TV has come a long way since the first set received a static-filled and scratchy sounding broadcast in the last century.


When 3D viewing first debuted it was on the big screen and required special glasses. Now, it’s come to the home and does not require the glasses. All the major TV makers are offering 3D capable TV sets and more and more broadcasters are offering 3D programming.

Combined with a good home stereo system for sound, a large 3D TV can provide a view experience just like being in movie theater.

3D TV is most common in the United States with Poland coming in a close second. Most of the 3D broadcasts are available only in some countries. HIGH TV 3D and WildEarth are available worldwide.

3D TV started in the 80s, but was the traditional type which required glasses to properly see it. 3D without the need for glasses started in 2010. Sports broadcasts dominated the first offerings and continue to be the major users of 3D TV

HDTV is best defined as 1080p (progressive scan), 1080i (interlaced scan) or 720p. The 1080p is 2.1 megapixels per frame with the 1080i 2.1 megapixels or 1.6 megapixels per frame depending on the complete resolution. The 720p is .9 megapixels per frame. While global, this is not a universal standard.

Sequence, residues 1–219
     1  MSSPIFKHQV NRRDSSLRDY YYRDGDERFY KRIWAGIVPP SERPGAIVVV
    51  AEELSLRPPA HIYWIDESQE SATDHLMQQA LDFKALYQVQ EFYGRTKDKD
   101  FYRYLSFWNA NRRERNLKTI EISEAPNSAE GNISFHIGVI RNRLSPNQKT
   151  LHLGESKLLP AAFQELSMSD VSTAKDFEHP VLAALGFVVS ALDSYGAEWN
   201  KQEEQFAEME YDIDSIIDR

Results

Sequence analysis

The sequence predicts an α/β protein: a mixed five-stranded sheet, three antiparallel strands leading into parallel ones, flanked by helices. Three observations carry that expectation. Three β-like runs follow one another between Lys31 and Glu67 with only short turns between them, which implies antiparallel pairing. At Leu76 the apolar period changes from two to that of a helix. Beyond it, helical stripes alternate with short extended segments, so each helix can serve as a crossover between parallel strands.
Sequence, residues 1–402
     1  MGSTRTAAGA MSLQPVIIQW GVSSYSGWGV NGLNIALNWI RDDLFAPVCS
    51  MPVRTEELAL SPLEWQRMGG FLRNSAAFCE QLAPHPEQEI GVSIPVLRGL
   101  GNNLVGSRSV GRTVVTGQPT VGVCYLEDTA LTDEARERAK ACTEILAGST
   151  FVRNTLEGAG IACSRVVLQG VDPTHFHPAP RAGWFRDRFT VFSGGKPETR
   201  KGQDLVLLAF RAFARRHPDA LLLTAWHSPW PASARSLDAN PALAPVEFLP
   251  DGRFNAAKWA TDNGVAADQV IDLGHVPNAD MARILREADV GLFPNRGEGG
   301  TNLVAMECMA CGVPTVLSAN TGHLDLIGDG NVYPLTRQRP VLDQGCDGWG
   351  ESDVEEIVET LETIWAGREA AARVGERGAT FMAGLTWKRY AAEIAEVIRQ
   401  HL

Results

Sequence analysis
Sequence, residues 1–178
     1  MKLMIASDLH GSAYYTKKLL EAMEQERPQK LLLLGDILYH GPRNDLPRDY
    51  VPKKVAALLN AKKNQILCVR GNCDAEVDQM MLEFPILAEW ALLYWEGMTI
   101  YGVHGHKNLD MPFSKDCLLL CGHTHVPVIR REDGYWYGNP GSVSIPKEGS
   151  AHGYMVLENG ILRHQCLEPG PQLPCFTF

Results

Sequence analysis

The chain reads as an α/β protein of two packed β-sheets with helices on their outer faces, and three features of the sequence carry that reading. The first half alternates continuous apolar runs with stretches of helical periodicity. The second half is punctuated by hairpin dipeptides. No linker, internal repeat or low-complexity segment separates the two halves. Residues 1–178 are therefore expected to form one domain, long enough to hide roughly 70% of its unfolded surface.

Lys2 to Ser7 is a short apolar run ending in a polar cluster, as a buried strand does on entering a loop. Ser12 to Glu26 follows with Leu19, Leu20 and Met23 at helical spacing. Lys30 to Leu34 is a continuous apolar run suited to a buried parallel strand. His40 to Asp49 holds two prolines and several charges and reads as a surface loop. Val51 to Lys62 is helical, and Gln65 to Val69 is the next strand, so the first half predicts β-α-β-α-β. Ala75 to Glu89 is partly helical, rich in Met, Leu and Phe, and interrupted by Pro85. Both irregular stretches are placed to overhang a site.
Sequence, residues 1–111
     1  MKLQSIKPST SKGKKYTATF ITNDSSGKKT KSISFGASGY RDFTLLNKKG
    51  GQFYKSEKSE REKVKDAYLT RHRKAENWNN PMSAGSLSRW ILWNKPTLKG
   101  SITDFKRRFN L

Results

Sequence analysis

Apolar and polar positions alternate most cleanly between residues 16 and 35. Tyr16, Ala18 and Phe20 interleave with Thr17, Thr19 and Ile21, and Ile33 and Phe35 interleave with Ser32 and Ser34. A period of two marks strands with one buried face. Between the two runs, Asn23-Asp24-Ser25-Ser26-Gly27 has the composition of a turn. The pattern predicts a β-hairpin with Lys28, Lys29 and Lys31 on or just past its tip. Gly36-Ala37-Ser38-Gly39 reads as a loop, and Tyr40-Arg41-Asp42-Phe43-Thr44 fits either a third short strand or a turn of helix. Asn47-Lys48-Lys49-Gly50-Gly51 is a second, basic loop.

HDTV efforts started about the same time TV was launched, but it was impractical at the time. The first modern attempt at HDTV was in Japan in the 60s. Testing continued for years, but problems with combing different formats was a major headache.

In the late 70s, four different versions of HDTV were tested by the Society of Motion Picture and Television Engineers (SMPTE). It took the development of digital video broadcasting to really bring HDTV to the masses in the early 2000s.


The switch from analog to digital broadcasting is probably the most fundamental shift in TV tech in since television began. In the United States, when the Federal Communications Commission announced airwave broadcasters were moving from analog to digital, Congress authorized a massive spending bill to let people use federal money to buy converter boxes.

Digital TV was common in the cable industry before it moved to the public airfare broadcasting. The switch meant TV stations around the nation had to invest in new technology.